Revived by God Part 7
The psalmist says, “This is my comfort in my affliction, That Your word has revived me. 51 The arrogant utterly deride me, Yet I do not turn aside from Your law” (Ps. 119.50-51). David saw that the way of personal revival did not exclude suffering but was often concurrent with it. But he also saw that his source of strength in those trying hours when we suffer and are afflicted was to be found in God’s word. Still further, David tells us that he had no tolerance for the “arrogant” who like a thorn in his side sought to draw him away from God’s law. In other words, David saw that the believer’s experience of suffering was to look nothing like the wicked. We do not cope like the world! We cope like Christ! In this section to the Corinthians, Paul gives us a small sampling of what that looks like. We will branch out from here, a context dealing mainly with persecution, to a general application of what does it mean to be revived through suffering. The reality is that the peaks and mountaintops of personal revival are climbed on the jagged edges of suffering, trials, and affliction. Therefore, we have to learn what it means to scale over the terrain of suffering with assurance, purpose, and hope.
Suffering With Assurance
The very first thing to notice from Paul’s reflection on his afflictions is that he believed that when he suffered he was met with assurance. This assurance can be seen in the following ways.
Assurance That God Knows And Understands Our Suffering
The fact that God is identified here as “the God of all comfort” should fill our hearts with the assurance that God is a God of comfort meaning of course that God has a legacy of comforting His people in their time of distress. God understands our frame; that we are but dust:
Psalm 103:13–14 13 Just as a father has compassion on his children, So the Lord has compassion on those who fear Him. 14 For He Himself knows our frame; He is mindful that we are but dust.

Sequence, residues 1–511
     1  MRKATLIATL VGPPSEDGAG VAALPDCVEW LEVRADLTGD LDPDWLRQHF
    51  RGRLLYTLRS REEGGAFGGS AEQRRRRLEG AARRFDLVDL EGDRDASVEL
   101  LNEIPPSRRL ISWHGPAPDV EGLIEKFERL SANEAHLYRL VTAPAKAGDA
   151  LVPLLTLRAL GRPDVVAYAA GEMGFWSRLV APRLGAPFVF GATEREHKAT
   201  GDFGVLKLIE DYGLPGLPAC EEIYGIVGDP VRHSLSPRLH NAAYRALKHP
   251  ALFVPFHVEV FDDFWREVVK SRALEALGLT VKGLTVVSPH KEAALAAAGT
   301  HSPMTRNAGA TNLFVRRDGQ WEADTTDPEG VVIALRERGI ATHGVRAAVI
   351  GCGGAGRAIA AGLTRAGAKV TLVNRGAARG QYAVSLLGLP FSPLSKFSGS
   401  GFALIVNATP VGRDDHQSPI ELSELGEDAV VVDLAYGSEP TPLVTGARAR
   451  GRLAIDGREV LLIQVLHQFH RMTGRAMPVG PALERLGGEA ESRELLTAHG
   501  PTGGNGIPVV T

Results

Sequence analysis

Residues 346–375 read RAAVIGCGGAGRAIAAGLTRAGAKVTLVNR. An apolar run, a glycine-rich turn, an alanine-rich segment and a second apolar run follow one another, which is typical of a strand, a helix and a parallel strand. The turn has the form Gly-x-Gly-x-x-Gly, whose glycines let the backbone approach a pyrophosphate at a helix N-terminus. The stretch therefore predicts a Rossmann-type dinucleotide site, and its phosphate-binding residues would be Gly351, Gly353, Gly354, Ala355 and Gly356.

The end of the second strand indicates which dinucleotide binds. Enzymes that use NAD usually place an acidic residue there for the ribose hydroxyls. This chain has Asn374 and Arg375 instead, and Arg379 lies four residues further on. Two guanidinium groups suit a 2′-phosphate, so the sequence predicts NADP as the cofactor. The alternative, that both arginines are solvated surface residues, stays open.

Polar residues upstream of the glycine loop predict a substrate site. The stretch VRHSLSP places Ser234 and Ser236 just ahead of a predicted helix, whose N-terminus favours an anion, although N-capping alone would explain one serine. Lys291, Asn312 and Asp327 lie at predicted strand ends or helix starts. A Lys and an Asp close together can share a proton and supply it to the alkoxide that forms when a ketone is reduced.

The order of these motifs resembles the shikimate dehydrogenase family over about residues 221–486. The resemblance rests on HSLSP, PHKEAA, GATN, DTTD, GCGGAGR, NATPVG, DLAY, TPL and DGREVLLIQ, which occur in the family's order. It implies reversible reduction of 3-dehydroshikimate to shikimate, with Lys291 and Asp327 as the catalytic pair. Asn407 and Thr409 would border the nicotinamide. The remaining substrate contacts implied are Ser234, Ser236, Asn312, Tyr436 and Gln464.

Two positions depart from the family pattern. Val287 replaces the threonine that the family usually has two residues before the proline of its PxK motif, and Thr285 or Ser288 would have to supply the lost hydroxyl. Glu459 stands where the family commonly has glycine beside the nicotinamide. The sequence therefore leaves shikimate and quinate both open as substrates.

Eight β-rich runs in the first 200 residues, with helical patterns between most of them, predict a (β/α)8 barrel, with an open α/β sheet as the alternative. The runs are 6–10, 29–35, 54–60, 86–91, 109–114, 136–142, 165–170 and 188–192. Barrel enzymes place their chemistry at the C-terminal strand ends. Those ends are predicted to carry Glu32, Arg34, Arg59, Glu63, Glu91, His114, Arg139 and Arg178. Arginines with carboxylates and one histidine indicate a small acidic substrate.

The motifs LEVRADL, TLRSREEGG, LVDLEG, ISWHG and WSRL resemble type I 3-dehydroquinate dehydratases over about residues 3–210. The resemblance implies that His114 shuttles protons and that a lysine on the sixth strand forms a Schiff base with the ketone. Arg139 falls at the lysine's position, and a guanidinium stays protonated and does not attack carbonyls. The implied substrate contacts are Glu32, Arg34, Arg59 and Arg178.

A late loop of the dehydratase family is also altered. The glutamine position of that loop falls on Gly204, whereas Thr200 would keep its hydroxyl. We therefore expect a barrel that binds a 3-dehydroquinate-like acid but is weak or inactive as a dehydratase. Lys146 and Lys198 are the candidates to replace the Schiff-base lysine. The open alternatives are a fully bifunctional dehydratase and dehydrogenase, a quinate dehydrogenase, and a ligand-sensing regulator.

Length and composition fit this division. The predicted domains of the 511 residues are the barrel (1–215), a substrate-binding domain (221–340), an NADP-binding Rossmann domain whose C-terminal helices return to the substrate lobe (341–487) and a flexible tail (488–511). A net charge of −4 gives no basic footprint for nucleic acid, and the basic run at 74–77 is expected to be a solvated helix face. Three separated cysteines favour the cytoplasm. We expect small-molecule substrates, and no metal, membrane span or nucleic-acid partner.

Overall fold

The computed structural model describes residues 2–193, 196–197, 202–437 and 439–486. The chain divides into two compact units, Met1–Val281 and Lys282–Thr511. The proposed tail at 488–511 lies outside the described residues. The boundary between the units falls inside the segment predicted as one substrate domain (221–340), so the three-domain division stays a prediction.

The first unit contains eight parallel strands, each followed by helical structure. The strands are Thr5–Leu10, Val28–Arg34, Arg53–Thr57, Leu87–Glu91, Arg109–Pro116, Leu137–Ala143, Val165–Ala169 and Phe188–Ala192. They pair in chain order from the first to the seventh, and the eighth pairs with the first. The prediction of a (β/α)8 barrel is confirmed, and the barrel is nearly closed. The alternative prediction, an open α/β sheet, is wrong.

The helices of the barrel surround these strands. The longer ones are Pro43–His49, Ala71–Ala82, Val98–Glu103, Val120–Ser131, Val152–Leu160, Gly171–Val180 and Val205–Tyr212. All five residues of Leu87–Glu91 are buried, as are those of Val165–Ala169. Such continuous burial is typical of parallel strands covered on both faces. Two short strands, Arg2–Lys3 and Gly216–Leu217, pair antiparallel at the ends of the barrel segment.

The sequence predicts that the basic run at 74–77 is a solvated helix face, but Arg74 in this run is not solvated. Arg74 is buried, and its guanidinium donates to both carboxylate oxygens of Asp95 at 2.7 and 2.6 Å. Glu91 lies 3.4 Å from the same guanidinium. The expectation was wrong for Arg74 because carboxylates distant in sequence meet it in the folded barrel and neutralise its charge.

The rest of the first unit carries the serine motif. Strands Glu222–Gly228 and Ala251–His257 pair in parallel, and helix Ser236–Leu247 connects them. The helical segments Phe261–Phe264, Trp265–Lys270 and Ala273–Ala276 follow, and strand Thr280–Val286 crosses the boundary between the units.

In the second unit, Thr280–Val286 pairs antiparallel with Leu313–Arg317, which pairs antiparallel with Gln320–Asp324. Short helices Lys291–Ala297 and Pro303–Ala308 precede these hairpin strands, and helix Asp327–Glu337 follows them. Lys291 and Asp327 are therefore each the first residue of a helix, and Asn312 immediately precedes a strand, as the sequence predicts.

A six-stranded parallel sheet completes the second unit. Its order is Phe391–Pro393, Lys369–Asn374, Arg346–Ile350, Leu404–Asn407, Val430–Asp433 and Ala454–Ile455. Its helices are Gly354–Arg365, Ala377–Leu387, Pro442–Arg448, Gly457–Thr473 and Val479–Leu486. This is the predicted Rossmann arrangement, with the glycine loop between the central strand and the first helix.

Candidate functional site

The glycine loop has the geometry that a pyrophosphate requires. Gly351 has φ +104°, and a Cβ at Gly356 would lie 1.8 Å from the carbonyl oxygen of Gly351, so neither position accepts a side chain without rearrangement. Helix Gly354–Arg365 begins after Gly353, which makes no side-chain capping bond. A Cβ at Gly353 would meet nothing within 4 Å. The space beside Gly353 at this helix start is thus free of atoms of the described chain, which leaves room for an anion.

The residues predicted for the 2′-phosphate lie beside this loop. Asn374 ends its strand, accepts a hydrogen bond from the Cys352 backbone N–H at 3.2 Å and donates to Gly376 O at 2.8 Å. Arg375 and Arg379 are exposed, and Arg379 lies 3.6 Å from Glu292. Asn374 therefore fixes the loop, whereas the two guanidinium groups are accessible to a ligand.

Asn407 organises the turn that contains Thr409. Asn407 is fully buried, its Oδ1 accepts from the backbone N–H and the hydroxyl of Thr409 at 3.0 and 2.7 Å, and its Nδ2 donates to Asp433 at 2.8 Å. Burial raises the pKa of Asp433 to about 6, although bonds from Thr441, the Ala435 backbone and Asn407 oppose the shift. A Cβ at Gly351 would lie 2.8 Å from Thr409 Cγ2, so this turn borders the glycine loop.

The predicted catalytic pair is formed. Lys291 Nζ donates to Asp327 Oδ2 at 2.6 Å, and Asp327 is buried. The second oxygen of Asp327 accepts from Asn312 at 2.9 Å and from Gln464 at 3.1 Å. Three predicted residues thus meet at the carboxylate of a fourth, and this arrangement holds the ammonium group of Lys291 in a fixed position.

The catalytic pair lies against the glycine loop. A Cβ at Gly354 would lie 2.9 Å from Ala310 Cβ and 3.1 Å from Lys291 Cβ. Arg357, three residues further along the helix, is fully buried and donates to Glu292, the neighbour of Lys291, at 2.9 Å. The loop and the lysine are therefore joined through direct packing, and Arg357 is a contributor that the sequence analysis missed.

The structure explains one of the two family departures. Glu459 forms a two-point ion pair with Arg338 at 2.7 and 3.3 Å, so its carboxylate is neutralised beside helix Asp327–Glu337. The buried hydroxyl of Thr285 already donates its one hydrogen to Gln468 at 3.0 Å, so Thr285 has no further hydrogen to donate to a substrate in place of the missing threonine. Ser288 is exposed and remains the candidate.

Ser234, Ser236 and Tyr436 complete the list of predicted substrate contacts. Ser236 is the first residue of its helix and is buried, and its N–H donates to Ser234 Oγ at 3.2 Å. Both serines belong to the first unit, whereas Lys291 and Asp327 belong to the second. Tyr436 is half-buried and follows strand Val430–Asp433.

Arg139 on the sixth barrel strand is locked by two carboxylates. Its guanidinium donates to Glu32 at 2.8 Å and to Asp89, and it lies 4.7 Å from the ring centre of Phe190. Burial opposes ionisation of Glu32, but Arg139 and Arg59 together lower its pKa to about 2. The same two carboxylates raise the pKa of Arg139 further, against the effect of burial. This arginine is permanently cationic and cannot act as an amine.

It is not just that God is mindful of our feeble frame, it is more than that, His compassion is an action, “who comforts us in all our affliction” (2 Cor. 1.4a). The verb that Paul uses here can have the idea that God actually impart and instill in us the comfort He means to give us. Paul uses the same word on a horizontal level as Timothy is dispatched to instill encouragement into the church of Thessalonica because of the suffering they were experiencing due to persecution:
1 Thessalonians 3:2–3 2 and we sent Timothy, our brother and God’s fellow worker in the gospel of Christ, to strengthen and encourage you as to your faith, 3 so that no one would be disturbed by these afflictions; for you yourselves know that we have been destined for this.
Assurance That God Will Use Our Suffering For The Good Of Others
From the vertical perspective, God’s comfort assures us that we will be able to promote the same kind of comfort in others as well, “so that we will be able to comfort those who are in any affliction with the comfort with which we ourselves are comforted by God” (2 Cor. 1.4b). At times there is nothing more powerful than personal testimony. When we hear the empathy in the voice of others who have likewise suffered, it can often land on us like a healing balm to the soul. This is why Paul is going to share His own experience with the church, to comfort them as one who knew what it meant to suffer. We derive our comfort today both from the testimony and experience of others but also and more importantly from the testimony of Scripture (cf. Rom. 15.4).
Assurance That God Will Comfort Us To The Degree That We Suffer
God also gives us the assurance that He meets us in the degree that we suffer, “For just as the sufferings of Christ are ours in abundance, so also our comfort is abundant through Christ” (2 Cor. 1.5). Here, Paul is referring to their suffering in the context of persecution. However, as he has already explained God comforts us in “all our affliction” so that we would then encourage those who are experiencing “any affliction.” The reality is, whether you are talking about persecution or personal illness; all suffering has the common ingredient of pain in it.
The focus here however is in the word, “abundance.” It is a play on words really. Paul is in essence saying that to do degree that we suffer, here abundant suffering for Christ, God is ready to dispense His all-merciful comfort “through Christ” that will meet the need of the hour. If you suffer because of some discouragement, whether because you have had a difficult time at work, in the marriage, with the bills or with your body; God is ready to instill in us comfort through the promises in His word supremely manifested through Jesus Christ. It is assurance that is rooted in God’s all-sufficient grace. This was the only way Paul was able to accept whatever may come have come his way and it is the only way we will be able to do the same:
2 Corinthians 12:9-10 9 And He has said to me, “My grace is sufficient for you, for power is perfected in weakness.” Most gladly, therefore, I will rather boast about my weaknesses, so that the power of Christ may dwell in me. 10 Therefore I am well content with weaknesses, with insults, with distresses, with persecutions, with difficulties, for Christ’s sake; for when I am weak, then I am strong.